7. V. Chivukula, D. Ciplys, M. Shur, and P. Dutta, “ZnO nanoparticle surface acoustic wave UV sensor,” Applied Physics Letters, vol. 96, no. 23, Article ID 233512, 2010. View at Google Scholar
  8. M. Quintana, T. Edvinsson, A. Hagfeldt, and G. Boschloo, “Comparison of dye-sensitized ZnO and TiO2 solar cells: studies of charge transport and carrier lifetime,” Journal of Physical Chemistry C, vol. 111, no. 2, pp. 1035–1041, 2007. View at Publisher · View at Google Scholar · View at Scopus
  9. M. H. Lai, A. Tubtimtae, M. W. Lee, and G. J. Wang, “ZnO-nanorod dye-sensitized solar cells: new structure without a transparent conducting oxide layer,” International Journal of Photoenergy, vol. 2012, Article ID 497095, 5 pages, 2012. View at Google Scholar
  10. M. M. Rahman, H. S. Son, S. S. Lim, K. H. Chung, and J. J. Lee, “Effect of the TiO2 nanotubes in the photoelectrode on efficiency of dye-sensitized solar cell,” Journal of Electrochemical Science and Technology, vol. 2, pp. 110–115, 2011. View at Google Scholar
  11. K. H. Chung, M. M. Rahman, H. S. Son, and J. J. Lee, “Development of well-aligned TiO2 nanotube arrays to improve electron transport in dye-sensitized solar cells,” International Journal of Photoenergy, vol. 2012, Article ID 215802, 6 pages, 2012. View at Google Scholar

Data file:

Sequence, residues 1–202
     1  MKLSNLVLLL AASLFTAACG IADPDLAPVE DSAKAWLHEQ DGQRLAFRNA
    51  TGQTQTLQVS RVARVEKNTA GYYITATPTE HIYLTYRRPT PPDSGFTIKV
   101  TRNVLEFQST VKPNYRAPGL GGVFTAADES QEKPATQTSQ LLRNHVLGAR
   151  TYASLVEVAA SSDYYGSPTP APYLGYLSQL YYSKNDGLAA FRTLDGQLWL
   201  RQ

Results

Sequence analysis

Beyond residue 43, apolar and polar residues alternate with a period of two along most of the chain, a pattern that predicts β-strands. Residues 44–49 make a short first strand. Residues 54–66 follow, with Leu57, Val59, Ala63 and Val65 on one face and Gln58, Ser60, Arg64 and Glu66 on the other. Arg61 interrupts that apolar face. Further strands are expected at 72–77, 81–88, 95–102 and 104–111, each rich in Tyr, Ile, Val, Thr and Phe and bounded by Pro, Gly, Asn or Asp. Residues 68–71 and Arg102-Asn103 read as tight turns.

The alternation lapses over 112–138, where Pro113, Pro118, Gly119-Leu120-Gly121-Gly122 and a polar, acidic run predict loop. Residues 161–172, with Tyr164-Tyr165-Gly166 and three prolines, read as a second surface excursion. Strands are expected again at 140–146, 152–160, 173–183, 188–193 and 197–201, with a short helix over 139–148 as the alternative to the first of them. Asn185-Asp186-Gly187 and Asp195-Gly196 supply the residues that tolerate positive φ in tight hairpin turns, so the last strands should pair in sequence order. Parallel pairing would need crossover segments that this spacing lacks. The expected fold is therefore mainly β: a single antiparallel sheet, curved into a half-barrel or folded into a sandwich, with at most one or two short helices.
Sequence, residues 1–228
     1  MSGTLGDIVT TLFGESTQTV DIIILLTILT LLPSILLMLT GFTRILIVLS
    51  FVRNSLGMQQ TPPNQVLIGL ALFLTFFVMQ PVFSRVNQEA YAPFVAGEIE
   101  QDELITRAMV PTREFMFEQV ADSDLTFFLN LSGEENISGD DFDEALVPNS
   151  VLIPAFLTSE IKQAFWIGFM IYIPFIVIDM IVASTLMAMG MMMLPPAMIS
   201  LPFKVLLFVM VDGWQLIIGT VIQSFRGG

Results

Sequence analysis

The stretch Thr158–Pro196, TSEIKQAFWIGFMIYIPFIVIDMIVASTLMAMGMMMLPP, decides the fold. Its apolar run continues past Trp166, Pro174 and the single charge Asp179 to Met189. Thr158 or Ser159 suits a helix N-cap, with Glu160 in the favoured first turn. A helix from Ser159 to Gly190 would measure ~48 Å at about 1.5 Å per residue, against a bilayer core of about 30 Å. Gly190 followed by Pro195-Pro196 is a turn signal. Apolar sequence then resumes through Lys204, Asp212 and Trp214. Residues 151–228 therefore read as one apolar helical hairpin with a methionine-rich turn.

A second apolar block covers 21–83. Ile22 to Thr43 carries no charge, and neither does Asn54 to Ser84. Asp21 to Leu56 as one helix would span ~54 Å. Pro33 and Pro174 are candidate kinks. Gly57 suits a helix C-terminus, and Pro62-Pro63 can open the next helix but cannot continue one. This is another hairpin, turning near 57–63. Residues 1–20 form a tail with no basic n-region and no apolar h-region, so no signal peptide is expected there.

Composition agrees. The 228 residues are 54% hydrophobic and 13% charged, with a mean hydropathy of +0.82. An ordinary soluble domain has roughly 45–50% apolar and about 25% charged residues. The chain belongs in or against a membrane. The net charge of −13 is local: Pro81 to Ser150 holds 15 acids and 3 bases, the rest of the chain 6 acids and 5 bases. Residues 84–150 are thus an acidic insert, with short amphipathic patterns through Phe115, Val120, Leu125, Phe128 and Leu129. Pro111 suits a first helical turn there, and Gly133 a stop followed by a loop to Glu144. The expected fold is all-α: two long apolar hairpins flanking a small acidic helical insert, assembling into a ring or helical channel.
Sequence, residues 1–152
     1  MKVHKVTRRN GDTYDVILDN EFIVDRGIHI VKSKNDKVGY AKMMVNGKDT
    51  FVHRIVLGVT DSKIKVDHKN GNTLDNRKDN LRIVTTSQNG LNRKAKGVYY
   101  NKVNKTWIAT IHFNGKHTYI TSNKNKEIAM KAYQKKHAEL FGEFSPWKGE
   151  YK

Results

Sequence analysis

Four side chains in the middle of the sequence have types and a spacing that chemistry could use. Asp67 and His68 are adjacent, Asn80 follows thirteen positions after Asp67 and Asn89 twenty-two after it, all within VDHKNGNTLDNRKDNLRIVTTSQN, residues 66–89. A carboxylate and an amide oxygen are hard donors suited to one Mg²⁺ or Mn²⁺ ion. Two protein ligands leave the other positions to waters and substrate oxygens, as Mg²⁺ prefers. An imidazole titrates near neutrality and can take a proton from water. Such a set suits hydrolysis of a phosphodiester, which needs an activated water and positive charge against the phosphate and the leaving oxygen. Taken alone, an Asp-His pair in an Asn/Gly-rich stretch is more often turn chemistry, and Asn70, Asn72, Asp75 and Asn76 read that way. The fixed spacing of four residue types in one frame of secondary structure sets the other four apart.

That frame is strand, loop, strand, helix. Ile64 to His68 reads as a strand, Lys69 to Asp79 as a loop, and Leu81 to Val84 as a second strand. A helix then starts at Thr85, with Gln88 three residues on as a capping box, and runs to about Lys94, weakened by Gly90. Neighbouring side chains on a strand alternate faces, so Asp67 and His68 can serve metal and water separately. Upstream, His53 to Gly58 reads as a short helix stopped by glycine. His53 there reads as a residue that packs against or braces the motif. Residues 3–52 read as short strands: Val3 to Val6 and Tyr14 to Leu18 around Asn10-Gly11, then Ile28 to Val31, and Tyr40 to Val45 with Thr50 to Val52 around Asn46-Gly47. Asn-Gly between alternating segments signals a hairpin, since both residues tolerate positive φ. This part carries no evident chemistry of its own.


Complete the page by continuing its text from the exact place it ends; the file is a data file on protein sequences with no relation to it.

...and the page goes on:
12. H. S. Uam, Y. S. Jung, Y. Jun, and K. J. Kim, “Relation of Ru(II) dye desorption from TiO2 film during illumination with photocurrent decrease of dye-sensitized solar cells,” Journal of Photochemistry and Photobiology A, vol. 212, no. 2-3, pp. 122–128, 2010. View at Publisher · View at Google Scholar · View at Scopus
  13. N. S. Pesika, K. J. Stebe, and P. C. Searson, “Relationship between absorbance spectra and particle size distributions for quantum-sized nanocrystals,” Journal of Physical Chemistry B, vol. 107, no. 38, pp. 10412–10415, 2003. View at Google Scholar · View at Scopus
  14. Y. S. Kim and C. H. Park, “Rich variety of defects in ZnO via an attractive interaction between O vacancies and Zn interstitials: origin of n-type doping,” Physical Review Letters, vol. 102, no. 8, Article ID 086403, 2009. View at Google Scholar
  15. T. Tatsumi, M. Fujita, N. Kawamoto, M. Sasajima, and Y. Horikoshi, “Intrinsic defects in ZnO films grown by molecular beam epitaxy,” Japanese Journal of Applied Physics A, vol. 43, no. 5, pp. 2602–2606, 2004. View at Google Scholar · View at Scopus
  16. F. Wen, W. Li, J. H. Moon, and J. H. Kim, “Hydrothermal synthesis of ZnO : Zn with green emission at low temperature with reduction process,” Solid State Communications, vol. 135, pp. 34–37, 2005. View at Google Scholar
  17. K. Vanheusden, W. L. Warren, C. H. Seager, D. R. Tallant, J. A. Voigt, and B. E. Gnade, “Mechanisms behind green photoluminescence in ZnO phosphor powders,” Journal of Applied Physics, vol. 79, no. 10, pp. 7983–7990, 1996. View at Google Scholar · View at Scopus
  18. B. K. Sharma, N. Khare, and D. Haranath, “Photoluminescence lifetime of Al-doped ZnO films in visible region,” Solid State Communications, vol. 150, pp. 2341–2345, 2010. View at Google Scholar